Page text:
About the Collections

The Beinecke Rare Book & Manuscript Library holds one of the largest and most dynamic collections of rare books and manuscripts in the world. Its holdings draw hundreds of scholars, artists, and critics from around the world to the reading room each year. Thousands of students from Yale and beyond learn about the history of human thought through hands-on sessions with original artifacts in the Beinecke classrooms. Each year, new acquisitions build on the collections’ strengths and establish new areas of excellence, affording opportunities for interdisciplinary research, scholarly exploration, creativity, and intellectual exchange.

Part of the Yale University Library system, the Beinecke Library opened in 1963 in a building designed by the architectural firm of Skidmore, Owings & Merrill, with volumes from the Rare Book Room of Sterling Library, and three special collections: the Collection of American Literature, the Collection of Western Americana, and the Collection of German Literature. These were later joined by the James Marshall and Marie-Louise Osborn Collection. Since its opening, the Beinecke Library has become the principal repository for books in the Yale collection printed anywhere before 1800, books printed in North America before 1821, newspapers and broadsides printed in the United States before 1851, and manuscripts and early printed books from the Middle and Near East, Japan, China, and Korea as well as special formats such as playing cards and maps.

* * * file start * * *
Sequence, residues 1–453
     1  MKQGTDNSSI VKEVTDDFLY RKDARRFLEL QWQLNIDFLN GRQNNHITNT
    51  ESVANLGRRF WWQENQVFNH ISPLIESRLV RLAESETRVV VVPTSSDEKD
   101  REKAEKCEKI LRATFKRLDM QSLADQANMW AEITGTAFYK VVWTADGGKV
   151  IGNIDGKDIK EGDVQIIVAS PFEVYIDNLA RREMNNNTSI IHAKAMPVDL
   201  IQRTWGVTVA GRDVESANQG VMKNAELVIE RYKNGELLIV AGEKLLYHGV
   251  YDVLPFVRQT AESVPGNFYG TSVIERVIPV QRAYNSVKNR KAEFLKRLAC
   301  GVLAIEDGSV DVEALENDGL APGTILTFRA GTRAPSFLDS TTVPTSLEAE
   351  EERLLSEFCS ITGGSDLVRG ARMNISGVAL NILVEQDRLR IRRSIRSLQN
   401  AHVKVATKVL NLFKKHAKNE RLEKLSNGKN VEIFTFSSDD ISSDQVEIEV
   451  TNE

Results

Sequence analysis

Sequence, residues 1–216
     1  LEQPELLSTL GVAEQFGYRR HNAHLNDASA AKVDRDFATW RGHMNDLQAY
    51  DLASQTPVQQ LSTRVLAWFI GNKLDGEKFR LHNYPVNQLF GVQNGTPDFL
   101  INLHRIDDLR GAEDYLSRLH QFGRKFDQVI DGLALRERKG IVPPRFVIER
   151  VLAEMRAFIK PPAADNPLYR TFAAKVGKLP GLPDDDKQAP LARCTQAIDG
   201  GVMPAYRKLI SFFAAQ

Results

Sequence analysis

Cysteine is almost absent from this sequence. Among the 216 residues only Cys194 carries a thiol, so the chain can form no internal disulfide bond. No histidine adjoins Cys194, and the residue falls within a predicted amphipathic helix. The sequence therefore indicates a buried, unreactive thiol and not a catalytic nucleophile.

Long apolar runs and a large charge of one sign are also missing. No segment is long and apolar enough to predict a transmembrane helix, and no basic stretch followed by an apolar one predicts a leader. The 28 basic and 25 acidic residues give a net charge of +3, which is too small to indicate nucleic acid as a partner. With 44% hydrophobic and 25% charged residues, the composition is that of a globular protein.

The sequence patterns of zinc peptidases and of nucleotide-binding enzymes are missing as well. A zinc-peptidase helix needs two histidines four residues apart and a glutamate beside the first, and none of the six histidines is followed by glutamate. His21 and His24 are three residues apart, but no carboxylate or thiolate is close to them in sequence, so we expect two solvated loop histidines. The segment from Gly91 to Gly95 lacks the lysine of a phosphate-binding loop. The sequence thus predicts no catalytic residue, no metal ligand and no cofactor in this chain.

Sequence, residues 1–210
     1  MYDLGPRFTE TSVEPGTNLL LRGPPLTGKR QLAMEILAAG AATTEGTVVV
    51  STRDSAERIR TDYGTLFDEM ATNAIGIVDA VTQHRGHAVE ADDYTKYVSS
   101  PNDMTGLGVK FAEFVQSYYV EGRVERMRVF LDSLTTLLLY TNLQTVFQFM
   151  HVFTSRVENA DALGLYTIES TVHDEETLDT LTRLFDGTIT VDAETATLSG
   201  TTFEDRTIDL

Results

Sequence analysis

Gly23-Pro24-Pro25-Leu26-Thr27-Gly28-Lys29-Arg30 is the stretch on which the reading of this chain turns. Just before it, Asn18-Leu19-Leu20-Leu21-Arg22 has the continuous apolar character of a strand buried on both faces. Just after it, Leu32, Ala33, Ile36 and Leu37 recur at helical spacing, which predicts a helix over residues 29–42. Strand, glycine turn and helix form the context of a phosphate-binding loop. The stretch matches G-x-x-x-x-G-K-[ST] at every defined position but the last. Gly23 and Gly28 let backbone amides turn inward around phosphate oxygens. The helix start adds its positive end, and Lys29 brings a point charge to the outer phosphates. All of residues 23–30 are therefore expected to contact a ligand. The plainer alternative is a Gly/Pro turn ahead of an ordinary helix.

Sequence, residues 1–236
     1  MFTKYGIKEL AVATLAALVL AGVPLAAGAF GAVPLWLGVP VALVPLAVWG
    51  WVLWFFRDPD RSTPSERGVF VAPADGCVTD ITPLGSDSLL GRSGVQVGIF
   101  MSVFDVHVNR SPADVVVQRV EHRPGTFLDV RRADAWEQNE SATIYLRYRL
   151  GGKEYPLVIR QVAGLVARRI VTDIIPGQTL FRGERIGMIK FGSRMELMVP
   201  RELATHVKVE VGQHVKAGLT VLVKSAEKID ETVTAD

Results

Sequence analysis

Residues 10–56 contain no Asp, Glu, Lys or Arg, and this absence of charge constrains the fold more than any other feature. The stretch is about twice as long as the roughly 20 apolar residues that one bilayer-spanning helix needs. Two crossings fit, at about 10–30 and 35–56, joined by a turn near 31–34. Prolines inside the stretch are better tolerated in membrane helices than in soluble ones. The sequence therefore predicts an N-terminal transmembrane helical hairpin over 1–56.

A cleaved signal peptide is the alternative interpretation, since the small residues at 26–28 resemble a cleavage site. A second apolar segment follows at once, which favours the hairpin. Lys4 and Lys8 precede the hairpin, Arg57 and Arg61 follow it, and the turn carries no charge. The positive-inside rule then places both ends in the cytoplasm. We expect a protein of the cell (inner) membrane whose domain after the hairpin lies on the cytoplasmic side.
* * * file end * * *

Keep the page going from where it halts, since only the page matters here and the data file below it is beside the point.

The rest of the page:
Today, the collections span thousands of linear feet of manuscript and archival material, ranging from ancient papyri and medieval manuscripts to the archived personal papers of modern writers, artists’ books, photographs, avant-garde, audio-visual and born-digital material. The Beinecke’s extensive Digital Library allows visitors to browse more than 1 million images of material from across the collections.

A nexus for original scholarship in a wide range of disciplines, the Beinecke collections are used by scholars and practitioners who have made significant contributions in their fields: from literary and cultural studies to the history of science, music, theater, and art; the history of the book, of photography, graphic design, and architecture; social, intellectual, and political history; medieval, Renaissance, and eighteenth-century Europe; American literature; Western Americana; nineteenth-century imperialism; African American culture; British literature; gay, lesbian, and transgender studies; transatlantic Modernism; postwar counterculture; and contemporary American poetry.